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Tennessee Department of Health launches Wildlife Rabies Vaccination Project to Protect People, Pets

Tennessee Department of HealthNashville, TN – The Tennessee Department of Health is working with the United States Department of Agriculture to help prevent rabies by distributing oral rabies vaccine for wild raccoons along Tennessee’s borders with Alabama, Georgia, North Carolina, and Virginia. The annual baiting program administered by USDA’s Animal and Plant Health Inspection Service, Wildlife Services, will begin in Tennessee on October 1st, 2021.

“Controlling the spread of raccoon rabies is vital,” said Tennessee Department of Health State Epidemiologist John Dunn, DVM, Ph.D. “We’re pleased to partner with USDA Wildlife Services in this important and effective program to reduce rabies in wildlife, which helps prevent transmission to people, pets, and livestock.”

Coated sachet baits, which are coasted with an oily, fish-scented substance to attract raccoons, containing the RABORAL V-RG® or ONRAB oral rabies vaccine (ORV) will be distributed across portions of Bradley County, Carter County, Cocke County, Greene County, Hamilton County, Johnson County, Marion County, McMinn County, Monroe County, Polk County, Sullivan County, Unicoi County, and Washington County targeting raccoons and other wildlife.

These baits will be distributed by low-flying airplanes and helicopters. The aerial bait drop is expected to last about three weeks. Each bait is marked with a toll-free number (1.877.722.6725) for people to call for assistance or information if they find or come in contact with a bait.

The oral rabies vaccine will be distributed on the following schedule:

  • October 1st– 13th: Hamilton and Bradley counties
  • October 7th– 11th: Greene, Hawkins, Sullivan, Carter, Unicoi and Washington counties
  • October 4th –9th: Carter, Cocke, Greene, Hawkins, Johnson, Sullivan, Unicoi and Washington
    counties
  • October 9th –15th: Bledsoe, Bradley, Hamilton, Marion, McMinn, Meigs, Monroe, Polk, Rhea and Sequatchie counties

Although the vaccine products are safe, the USDA Wildlife Services program has issued these precautions:

  • If you or your pet finds a vaccine bait package, confine your pet and look for other baits
    in the area. Wear gloves or use a towel and toss baits into a wooded or fencerow area.
    These baits should be removed from where your pet could easily eat them. Eating the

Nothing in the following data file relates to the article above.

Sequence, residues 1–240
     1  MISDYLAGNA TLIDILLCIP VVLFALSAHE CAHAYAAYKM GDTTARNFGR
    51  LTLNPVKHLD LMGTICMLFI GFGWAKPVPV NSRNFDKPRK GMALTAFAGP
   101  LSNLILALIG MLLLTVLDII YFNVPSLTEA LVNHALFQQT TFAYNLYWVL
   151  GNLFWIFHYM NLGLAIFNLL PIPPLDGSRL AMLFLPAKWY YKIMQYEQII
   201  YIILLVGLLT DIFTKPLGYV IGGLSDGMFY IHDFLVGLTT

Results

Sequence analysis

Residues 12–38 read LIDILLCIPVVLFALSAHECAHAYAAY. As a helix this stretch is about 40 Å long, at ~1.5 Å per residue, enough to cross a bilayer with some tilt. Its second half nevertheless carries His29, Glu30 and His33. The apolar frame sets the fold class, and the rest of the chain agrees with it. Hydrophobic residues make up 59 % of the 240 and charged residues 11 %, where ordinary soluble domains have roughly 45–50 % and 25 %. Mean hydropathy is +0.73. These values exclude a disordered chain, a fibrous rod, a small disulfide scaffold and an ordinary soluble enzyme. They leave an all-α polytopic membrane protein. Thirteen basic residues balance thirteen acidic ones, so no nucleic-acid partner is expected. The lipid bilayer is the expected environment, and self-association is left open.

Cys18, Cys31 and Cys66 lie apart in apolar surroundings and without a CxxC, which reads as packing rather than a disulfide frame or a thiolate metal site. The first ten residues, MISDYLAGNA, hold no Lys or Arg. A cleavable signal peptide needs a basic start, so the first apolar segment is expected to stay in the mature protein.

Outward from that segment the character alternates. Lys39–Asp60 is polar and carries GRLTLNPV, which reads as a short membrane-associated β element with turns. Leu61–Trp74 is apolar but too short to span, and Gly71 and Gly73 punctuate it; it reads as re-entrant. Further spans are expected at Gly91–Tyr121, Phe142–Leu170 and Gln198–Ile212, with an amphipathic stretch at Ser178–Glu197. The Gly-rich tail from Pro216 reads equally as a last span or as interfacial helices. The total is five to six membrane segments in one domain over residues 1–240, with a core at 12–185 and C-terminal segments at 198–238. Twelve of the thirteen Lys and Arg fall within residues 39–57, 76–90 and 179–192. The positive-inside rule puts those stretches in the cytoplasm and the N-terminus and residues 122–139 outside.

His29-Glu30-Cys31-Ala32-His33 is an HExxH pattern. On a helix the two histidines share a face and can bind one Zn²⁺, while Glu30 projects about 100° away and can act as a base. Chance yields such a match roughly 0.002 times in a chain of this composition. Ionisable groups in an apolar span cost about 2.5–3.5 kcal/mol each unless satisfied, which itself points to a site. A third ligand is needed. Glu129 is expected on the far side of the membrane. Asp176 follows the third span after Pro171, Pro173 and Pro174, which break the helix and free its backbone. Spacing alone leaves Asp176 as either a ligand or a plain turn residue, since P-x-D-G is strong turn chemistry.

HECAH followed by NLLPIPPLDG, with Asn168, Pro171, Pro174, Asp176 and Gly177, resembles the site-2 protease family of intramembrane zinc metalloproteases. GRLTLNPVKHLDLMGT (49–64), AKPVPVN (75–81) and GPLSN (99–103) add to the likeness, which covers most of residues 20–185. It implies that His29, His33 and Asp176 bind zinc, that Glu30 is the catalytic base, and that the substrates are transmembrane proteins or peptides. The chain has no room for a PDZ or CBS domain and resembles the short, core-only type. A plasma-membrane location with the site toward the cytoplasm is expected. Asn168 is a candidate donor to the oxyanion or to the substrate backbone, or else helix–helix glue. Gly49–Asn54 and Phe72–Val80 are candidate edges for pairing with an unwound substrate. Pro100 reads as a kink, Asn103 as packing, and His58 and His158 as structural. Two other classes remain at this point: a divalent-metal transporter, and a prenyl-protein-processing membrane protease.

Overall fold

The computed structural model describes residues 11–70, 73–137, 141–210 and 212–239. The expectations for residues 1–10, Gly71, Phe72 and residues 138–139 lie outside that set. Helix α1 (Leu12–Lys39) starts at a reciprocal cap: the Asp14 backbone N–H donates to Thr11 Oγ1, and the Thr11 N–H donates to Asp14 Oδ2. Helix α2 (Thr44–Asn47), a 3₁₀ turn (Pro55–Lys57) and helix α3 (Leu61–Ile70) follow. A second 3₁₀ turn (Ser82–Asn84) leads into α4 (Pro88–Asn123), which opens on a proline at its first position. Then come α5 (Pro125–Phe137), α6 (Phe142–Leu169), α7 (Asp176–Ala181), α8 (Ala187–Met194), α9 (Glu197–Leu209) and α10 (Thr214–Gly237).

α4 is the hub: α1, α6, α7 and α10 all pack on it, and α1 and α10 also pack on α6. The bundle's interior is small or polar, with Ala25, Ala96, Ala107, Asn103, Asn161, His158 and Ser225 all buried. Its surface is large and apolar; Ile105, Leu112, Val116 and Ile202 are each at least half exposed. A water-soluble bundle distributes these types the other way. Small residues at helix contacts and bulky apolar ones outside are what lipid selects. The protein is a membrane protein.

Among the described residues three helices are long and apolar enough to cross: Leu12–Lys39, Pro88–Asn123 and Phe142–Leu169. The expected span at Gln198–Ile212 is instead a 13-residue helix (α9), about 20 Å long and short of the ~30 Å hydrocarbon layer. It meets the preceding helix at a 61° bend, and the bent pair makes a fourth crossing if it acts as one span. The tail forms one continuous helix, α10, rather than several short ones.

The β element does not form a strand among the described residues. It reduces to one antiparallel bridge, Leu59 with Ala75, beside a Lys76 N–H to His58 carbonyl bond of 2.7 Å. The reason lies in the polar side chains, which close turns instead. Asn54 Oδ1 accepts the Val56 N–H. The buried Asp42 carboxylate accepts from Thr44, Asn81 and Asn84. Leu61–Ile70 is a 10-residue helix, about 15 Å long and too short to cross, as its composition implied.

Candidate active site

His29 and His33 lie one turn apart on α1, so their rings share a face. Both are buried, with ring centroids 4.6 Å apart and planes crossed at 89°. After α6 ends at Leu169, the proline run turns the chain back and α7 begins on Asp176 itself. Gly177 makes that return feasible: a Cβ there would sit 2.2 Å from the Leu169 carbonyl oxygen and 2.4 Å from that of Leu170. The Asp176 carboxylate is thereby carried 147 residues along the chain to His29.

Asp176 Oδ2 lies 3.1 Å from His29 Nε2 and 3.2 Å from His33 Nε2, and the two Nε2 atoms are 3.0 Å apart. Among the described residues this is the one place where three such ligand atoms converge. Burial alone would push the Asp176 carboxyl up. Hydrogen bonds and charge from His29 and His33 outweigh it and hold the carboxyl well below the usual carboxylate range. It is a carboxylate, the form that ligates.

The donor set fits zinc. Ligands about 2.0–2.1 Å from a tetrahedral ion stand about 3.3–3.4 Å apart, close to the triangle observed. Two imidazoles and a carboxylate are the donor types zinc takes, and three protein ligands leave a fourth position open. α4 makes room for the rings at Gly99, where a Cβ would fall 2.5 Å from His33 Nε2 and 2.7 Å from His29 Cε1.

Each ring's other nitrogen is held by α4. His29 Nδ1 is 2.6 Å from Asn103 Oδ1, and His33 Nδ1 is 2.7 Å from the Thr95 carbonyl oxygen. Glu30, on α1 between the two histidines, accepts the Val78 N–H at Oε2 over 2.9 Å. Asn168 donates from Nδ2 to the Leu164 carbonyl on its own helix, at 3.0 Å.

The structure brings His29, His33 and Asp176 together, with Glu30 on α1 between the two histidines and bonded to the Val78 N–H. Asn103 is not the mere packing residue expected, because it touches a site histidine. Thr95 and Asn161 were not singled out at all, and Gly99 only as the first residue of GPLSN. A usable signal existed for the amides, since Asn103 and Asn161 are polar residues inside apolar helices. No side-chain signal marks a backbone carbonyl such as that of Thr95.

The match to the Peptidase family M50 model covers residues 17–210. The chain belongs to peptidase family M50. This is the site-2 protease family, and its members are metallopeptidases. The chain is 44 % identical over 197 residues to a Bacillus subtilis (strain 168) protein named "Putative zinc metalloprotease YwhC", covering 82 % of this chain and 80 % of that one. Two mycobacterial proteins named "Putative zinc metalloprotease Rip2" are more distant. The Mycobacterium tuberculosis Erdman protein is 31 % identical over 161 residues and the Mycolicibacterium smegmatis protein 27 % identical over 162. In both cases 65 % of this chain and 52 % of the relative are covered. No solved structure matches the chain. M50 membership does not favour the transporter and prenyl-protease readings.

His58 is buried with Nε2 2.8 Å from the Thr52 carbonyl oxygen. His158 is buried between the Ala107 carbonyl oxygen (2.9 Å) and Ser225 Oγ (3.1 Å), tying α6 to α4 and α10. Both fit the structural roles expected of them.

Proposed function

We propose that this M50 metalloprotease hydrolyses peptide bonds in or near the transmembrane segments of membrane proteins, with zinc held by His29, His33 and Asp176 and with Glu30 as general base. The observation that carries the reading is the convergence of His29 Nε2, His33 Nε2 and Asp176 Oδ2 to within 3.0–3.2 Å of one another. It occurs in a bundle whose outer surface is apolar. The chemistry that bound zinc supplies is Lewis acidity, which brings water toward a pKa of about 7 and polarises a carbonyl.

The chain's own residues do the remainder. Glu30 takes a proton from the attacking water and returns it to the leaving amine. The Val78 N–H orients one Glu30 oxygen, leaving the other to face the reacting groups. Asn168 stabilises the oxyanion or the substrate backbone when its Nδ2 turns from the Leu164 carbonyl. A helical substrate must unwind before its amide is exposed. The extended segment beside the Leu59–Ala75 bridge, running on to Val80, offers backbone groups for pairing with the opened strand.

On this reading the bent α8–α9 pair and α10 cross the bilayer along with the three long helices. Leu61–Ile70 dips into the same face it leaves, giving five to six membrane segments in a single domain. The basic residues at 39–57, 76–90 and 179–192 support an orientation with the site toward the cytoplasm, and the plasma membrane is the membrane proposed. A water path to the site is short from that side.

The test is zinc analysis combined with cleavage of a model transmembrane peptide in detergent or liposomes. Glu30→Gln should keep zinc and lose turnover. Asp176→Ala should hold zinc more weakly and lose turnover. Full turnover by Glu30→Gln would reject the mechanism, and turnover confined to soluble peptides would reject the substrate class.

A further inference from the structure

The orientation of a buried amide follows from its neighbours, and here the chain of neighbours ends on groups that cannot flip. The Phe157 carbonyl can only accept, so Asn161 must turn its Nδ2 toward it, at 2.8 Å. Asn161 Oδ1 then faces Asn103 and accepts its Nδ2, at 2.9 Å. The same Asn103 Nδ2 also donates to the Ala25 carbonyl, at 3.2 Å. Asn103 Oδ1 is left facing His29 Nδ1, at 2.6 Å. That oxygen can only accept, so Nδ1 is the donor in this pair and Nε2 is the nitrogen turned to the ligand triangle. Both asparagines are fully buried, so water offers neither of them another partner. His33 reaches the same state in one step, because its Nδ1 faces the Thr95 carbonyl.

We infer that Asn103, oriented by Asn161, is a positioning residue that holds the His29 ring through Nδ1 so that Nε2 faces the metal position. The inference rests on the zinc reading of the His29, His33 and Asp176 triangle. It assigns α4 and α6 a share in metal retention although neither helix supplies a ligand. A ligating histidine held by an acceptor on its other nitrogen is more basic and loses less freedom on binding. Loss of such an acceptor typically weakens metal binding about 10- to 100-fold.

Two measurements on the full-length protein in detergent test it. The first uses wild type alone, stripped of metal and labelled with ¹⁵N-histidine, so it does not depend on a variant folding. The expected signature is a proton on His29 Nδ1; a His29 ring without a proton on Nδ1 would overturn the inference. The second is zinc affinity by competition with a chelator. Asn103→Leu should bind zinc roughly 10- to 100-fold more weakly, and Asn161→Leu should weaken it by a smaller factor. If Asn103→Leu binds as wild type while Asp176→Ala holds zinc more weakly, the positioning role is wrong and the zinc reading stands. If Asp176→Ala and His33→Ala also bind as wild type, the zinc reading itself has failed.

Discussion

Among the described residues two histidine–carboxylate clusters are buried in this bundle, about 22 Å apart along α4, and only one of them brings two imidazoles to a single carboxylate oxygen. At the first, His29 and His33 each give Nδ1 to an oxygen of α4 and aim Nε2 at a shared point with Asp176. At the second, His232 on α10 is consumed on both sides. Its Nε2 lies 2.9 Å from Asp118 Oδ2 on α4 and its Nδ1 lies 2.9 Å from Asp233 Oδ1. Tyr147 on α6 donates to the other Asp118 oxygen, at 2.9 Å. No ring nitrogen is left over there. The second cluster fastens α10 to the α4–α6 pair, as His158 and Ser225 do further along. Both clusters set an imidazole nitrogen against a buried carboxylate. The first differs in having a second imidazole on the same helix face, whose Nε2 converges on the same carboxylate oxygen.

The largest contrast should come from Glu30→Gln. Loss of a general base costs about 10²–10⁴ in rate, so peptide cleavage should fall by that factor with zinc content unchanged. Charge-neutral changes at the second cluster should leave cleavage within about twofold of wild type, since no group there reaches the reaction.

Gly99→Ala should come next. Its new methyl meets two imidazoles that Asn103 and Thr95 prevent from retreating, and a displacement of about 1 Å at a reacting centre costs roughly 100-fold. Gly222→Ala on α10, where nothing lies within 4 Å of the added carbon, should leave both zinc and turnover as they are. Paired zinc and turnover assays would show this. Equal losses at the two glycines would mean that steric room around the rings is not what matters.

baits won’t harm your pet, but consuming several baits might upset your pet’s stomach.
  • Do not try to remove an oral rabies vaccine packet from your pet’s mouth, as you could
    be bitten.
  • Wear gloves or use a towel when you pick up bait. While there is no harm in touching
    undamaged baits, they have a strong fishmeal smell. Wash your hands thoroughly with
    soap and water if there is any chance the vaccine packet has been ruptured.
  • Instruct children to leave baits alone.
  • A warning label on each bait advises people not to touch the bait, and contains the rabies information line telephone number.


For more information on rabies prevention or the oral rabies vaccine program, call the USDA Wildlife Services toll-free rabies line at 1.866.487.3297 or the Tennessee Department of Health at 615.741.7247. You may also find rabies information on the USDA website at www.aphis.usda.gov/aphis/ourfocus/wildlifedamage/programs/nrmp/ct_rabies_vaccine_info and TDH website at https://www.tn.gov/health/cedep/zoonotic-diseases/rabies.html.

The Tennessee Department of Health encourages people to enjoy wild animals such as raccoons, skunks, and bats from a distance. The Centers for Disease Control and Prevention has a website to help educate children about rabies. Visit the site at www.cdc.gov/rabiesandkids/.

The mission of the Tennessee Department of Health is to protect, promote and improve the health and prosperity of people in Tennessee. Learn more about TDH services and programs at www.tn.gov/health.

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